“The Texas Department of Public Safety has indicated that sustained operations along our southern border will require $1.3 million per week,” Patrick said in a statement. “I am calling on the governor, lieutenant governor and speaker of the House to immediately allocate $1.3 million a week in emergency spending for the rest of the year for added border security through Texas law enforcement.”

A call placed to the Legislative Budget Board about whether a special legislative session would be necessary to set aside such funding has not yet been returned. Patrick’s statement did not specifically say whether he supports calling a special session on border security, which some of his GOP colleagues have suggested.


Last week Attorney General Greg Abbott, the state’s Republican gubernatorial candidate, wrote U.S. Department of Homeland Security Secretary Jeh Johnson and asked for $30 million for a state-based border security initiative. The U.S. Border Patrol, he said, was overwhelmed by the influx of undocumented immigrants, including about 160,000 who have crossed into Texas in the U.S. Border Patrol’s Rio Grande Valley sector since October, including about 33,500 unaccompanied minors.

“With the Border Patrol’s focus shifted to this crisis, we have grave concerns that dangerous cartel activity, including narcotics smuggling and human trafficking, will go unchecked because Border Patrol resources are stretched too thin,” he wrote.

[Rep. Jonathan] Stickland said he and others would consider tapping into the state’s Rainy Day Fund for the state-based border security initiative if the federal government did not provide relief. Details of the plan would probably be debated should a special session be called, he added.

“This is a crisis situation depending on who you are talking to,” he said. “I haven’t heard any price tag — I have just heard people say this is a top priority. Depending on what we’re talking about, there are a number of different ideas. We need to start having these discussions and start figuring out what’s on the table.”

In a statement last week, state Sen. José Rodríguez, D-El Paso, said more resources on the border won’t properly address the crisis on the border.

“What we are dealing with is an influx of children fleeing from Central American violence; imagine a situation so dire that you allow your children to travel a dangerous journey — thousands of miles — to a foreign land,” he said. “What is needed are not more “boots on the ground” or any other euphemisms for the militarization that both impacts border residents’ daily lives and is inadequate to deal with the specific issue at hand.”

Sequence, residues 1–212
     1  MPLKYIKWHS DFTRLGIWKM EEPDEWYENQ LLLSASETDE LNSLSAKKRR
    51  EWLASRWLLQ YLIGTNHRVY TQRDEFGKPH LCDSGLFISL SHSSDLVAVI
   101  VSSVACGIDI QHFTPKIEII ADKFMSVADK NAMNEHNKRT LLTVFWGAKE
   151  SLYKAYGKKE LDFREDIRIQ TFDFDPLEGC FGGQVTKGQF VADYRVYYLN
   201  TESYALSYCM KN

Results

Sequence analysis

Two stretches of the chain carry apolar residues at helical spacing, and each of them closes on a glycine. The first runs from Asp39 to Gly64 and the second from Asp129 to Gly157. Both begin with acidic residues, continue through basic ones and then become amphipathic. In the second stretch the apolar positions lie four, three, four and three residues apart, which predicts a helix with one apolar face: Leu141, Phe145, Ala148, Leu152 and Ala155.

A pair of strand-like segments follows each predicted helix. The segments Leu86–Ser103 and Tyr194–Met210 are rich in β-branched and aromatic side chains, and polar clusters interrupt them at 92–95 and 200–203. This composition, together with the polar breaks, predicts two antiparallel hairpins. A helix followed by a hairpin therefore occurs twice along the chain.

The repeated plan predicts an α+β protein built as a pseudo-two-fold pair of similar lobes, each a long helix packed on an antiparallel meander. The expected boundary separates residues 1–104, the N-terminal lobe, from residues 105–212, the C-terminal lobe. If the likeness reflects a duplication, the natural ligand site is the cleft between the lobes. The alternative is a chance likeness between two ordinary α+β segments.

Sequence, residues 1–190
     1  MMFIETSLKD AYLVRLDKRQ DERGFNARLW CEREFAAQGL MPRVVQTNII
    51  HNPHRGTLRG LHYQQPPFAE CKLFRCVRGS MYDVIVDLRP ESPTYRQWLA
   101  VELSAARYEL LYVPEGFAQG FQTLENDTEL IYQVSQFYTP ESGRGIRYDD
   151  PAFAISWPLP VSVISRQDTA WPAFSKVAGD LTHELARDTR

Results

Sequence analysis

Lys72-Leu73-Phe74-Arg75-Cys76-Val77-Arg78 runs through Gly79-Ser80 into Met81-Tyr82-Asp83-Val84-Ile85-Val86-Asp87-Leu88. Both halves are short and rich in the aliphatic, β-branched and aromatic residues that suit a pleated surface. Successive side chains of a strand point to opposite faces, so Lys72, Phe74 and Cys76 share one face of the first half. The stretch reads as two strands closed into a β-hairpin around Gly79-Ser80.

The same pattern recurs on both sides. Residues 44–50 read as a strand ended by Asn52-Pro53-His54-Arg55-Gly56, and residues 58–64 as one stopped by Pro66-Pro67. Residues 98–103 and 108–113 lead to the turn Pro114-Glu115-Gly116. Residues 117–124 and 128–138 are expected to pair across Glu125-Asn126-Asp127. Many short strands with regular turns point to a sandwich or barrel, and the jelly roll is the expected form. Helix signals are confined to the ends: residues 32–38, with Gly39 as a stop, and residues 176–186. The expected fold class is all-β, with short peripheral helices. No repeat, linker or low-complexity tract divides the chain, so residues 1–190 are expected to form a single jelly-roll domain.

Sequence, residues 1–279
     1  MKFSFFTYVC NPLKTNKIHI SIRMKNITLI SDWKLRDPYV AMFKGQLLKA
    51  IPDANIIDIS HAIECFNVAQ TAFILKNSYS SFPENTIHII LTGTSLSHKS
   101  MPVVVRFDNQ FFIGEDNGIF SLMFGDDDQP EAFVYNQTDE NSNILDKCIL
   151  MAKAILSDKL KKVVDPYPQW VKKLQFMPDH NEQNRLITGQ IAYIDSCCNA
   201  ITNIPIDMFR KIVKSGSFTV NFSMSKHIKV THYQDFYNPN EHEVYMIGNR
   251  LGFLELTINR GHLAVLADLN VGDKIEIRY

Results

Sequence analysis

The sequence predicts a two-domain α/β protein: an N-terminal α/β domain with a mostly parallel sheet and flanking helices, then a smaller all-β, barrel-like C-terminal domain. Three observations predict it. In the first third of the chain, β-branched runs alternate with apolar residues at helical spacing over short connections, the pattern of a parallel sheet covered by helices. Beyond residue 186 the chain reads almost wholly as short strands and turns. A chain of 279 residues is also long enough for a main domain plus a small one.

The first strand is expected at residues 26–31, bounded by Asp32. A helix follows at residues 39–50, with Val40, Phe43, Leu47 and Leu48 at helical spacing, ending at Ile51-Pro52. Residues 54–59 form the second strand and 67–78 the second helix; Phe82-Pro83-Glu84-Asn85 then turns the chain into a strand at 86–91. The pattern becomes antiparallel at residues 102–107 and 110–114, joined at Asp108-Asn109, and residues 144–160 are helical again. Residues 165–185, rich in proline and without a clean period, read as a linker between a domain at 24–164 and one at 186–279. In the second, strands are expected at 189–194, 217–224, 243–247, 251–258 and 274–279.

I confess, I have not followed this particular issue closely. My longstanding opinion about border and immigration issues is that we have a supply and demand problem, in that vastly more people want to enter the US than we allow to enter by legal means, and just as having an excessively low speed limit on a stretch of otherwise open road leads to a lot of people speeding, having excessively stringent limits on legal immigration leads to a lot of people finding other ways in. If we had a system that was more realistic, more compassionate, and more flexible about the demand to immigrate, we’d have far, far fewer people trying to enter illegally. For that reason, I believe the people that insist we must “secure the border” as a precondition for doing anything else have it exactly backwards and are exacerbating the problem. Of course, I also believe that a lot of these “secure the border” people have no interest in solving the problem, but instead have an interest in exploiting it. That’s a whole ‘nother story, so let’s leave it at that.

Anyway, the immediate political issue appears to be resolved for now, so that will likely quiet the talk about a special session. If it does come up again, remember that Rick Perry – who has the sole discretion to call a special – will do what he thinks is best for Rick Perry. If he thinks it would be beneficial to his Presidential campaign (I still can’t say the words “Presidential campaign” in the context of Rick Perry with a straight face), then he’ll call it. If not, he won’t. He’ll take into account the wishes of his fellow Republicans, but his own needs come first. That’s pretty much all there is to it. Texpatriate, Stace, and Burka have more.

Bad signs of the times

I don’t even know what to say.

Cypress-Fairbanks ISD will spend $55 million to tighten school security, including installing strategically placed panic buttons on campuses and replacing existing entry windows with bullet-resistant glass – upgrades experts call a necessary but unfortunate sign of the times.

Voters overwhelmingly approved the improvement, which will be completed districtwide by 2020, in a $1.2 billion bond election in May.

“We know that students are No. 1 and our staff is No 1. We’ve got to protect them,” said Roy Sprague, associate superintendent for facilities. “How do you put a price tag on someone’s life?”

Cy-Fair plans to add security vestibules to the front office area of 50 schools to keep unapproved visitors from gaining access, upgrade security cameras and install lockdown buttons and stand-alone emergency phones at all schools – widely considered the best practices in school safety. They’re also moving forward with one of the latest trends since 20 children and 6 adults were shot at Sandy Hook Elementary in December 2012 – installing bullet-resistant glass at the front of schools.

This will make Cy-Fair, Texas’ third largest school system, one of the only districts in the region with bullet-resistant glass, although others are considering a more budget-friendly alternative of laminating existing windows with a coating to slow intruders.

When I was a kid in school in the 70s and 80s, the violent crime rate was a lot higher than it is now. And yet here we are, spending millions on panic buttons and bullet-resistant glass. The story notes that “the recent focus on school safety has led to a proliferation of vendors and products – meaning better, cheaper choices for schools”. I suppose the least we could do is be grateful that we’re getting a good deal for our millions. I’m going to stop here because I’m too depressed to continue, but if you want to keep going then read this dKos post for more.